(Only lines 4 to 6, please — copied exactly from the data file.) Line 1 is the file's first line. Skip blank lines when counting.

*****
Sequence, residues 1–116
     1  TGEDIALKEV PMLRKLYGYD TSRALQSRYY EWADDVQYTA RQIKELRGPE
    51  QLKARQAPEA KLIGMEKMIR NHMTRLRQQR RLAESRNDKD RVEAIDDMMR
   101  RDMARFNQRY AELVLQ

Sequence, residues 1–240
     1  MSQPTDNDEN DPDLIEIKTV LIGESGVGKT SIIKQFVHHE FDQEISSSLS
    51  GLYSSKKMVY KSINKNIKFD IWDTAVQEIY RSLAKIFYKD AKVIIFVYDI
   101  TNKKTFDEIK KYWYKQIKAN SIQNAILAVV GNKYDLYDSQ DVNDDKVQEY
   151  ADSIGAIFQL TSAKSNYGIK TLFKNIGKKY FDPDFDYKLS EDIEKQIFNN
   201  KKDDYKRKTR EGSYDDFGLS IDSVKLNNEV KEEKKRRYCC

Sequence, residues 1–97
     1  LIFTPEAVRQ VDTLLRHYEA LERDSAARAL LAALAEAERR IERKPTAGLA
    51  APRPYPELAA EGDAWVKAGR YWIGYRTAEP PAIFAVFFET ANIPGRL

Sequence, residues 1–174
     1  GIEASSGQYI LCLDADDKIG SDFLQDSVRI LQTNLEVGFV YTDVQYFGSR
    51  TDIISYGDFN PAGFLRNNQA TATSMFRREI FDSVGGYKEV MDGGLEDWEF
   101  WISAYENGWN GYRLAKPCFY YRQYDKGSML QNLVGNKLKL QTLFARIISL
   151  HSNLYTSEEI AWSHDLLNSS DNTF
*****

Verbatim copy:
   101  RDMARFNQRY AELVLQ

Sequence, residues 1–240
     1  MSQPTDNDEN DPDLIEIKTV LIGESGVGKT SIIKQFVHHE FDQEISSSLS